8 lectures plus a one-day symposium, in the second semester. Sessions to be held on Fridays on the following dates from 10 a.m. to 12 a.m.:
7, 21, 28 April 2017
12, 19 May 2017
2, 9, 16 June 2017
The final session will be held on 16 June 2017 from 10 a.m. to 3 p.m. (lunch will be provided).
Old observatory, C002. Except from 31 March, on this date we will use room B006.
Seminars, individual study, and a student symposium during which students will present research papers written for this course. This course emphasises research, group work, interdisciplinary cooperation, and the use of digital media tools. Throughout the course, students will be expected to explore disciplines other than their own, as well as possibilities for collaborative approaches including their own disciplines. The course consists of hands-on workshops during which a variety of primary sources are studied that reflect modern and historical popular cultures. Workshops also include discussions and debates in which the prescribed literature will be addressed, as well as lectures from (inter)national guest speakers from different fields of expertise. Blackboard will be used as a forum for communication, and to share links to relevant sources. Students will read about the relationships between the representation of controversial issues in popular culture and media today and in the past, and are expected to prepare for all sessions by reading the prescribed literature.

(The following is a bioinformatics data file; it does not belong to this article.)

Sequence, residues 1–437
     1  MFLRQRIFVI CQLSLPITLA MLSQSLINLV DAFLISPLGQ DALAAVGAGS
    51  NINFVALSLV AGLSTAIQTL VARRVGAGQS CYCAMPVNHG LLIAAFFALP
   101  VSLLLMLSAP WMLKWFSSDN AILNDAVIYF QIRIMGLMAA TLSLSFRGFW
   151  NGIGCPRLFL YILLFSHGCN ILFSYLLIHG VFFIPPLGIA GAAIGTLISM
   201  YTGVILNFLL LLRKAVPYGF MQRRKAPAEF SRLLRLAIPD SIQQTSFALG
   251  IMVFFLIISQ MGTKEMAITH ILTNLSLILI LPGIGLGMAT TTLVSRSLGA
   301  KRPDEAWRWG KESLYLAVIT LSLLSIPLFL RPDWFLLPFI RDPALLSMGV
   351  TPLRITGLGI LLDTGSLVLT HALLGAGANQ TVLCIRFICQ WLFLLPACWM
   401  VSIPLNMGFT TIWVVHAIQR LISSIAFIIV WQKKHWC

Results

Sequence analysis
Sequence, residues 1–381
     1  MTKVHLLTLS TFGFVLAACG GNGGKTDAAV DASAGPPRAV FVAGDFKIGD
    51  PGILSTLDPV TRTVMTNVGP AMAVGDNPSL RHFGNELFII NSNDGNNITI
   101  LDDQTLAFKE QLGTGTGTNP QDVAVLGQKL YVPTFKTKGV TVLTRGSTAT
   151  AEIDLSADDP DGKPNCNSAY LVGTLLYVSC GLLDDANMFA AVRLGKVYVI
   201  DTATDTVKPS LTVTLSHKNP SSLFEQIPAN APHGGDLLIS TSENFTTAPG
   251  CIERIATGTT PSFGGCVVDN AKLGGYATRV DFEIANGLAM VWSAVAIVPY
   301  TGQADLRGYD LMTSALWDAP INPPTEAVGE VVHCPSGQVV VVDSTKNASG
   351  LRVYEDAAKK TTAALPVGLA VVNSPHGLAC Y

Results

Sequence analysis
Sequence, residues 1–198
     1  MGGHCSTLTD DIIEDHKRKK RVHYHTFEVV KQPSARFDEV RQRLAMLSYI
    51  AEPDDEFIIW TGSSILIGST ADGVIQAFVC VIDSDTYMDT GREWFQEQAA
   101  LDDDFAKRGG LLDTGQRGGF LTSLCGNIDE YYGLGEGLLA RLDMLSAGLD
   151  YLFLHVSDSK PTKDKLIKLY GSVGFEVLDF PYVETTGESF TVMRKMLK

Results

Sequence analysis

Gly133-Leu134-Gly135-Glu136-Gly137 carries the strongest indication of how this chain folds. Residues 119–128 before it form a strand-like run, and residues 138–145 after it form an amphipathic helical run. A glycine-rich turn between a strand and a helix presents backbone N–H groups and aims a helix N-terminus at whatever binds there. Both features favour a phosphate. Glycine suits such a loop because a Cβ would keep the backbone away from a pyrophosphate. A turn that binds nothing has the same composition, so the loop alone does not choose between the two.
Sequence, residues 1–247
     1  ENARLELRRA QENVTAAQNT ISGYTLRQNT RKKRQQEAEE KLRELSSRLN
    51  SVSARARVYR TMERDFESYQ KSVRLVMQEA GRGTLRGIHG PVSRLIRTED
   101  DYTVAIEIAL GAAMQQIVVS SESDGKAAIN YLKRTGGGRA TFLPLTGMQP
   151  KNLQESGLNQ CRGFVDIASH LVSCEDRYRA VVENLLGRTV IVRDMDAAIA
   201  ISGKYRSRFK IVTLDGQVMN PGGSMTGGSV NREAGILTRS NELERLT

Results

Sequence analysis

Week 1 Censorship: lecture/seminar
Week 2 Religious Controversies: Desecration and Anti-Semitism: lecture/seminar
Week 3 Rituals of Execution: lecture/seminar
Week 4 Youth Gangs: Charivari and other Rites of Humiliation: guest lecture
Week 5 Conversion and Gender: Muslim Women as ‘Other’: guest lecture
Week 6 Conspiracy Theories: lecture/seminar
Week 7 Depicting Prostitution: lecture/seminar
Week 8 Sex and Politics at the Political World Stage: guest lecture
Week 9 Student Symposium (Please note: this session will exceed the normal session length, to enable all students to present their research conducted for this course)
This course is worth 5 EC, which means the total course load equals 140 hours.
Seminars: 8 seminars of 2 hours/ total 16 hours
Student symposium: 4 hours
Literature reading, seminar preparation & practical work: 75 hours
Assignments & final essay: 45 hours
50% Research essay
35% Presentation of essay during a one-day student symposium
15% Symposium report or blog
Blackboard and uSis
Blackboard will be used in this course. Students can register for the Blackboard site two weeks prior to the start of the course.
Please note: students are not required to register through uSis for the Honours Classes. Your registration will be done centrally.
Required literature will be available on Blackboard, unless otherwise indicated.
Enrolling in this course is possible from Monday November 7th until Sunday November 20th through the Honours Academy, via this link
Dr. N.T. van Pelt , LUCAS, Faculty of Humanities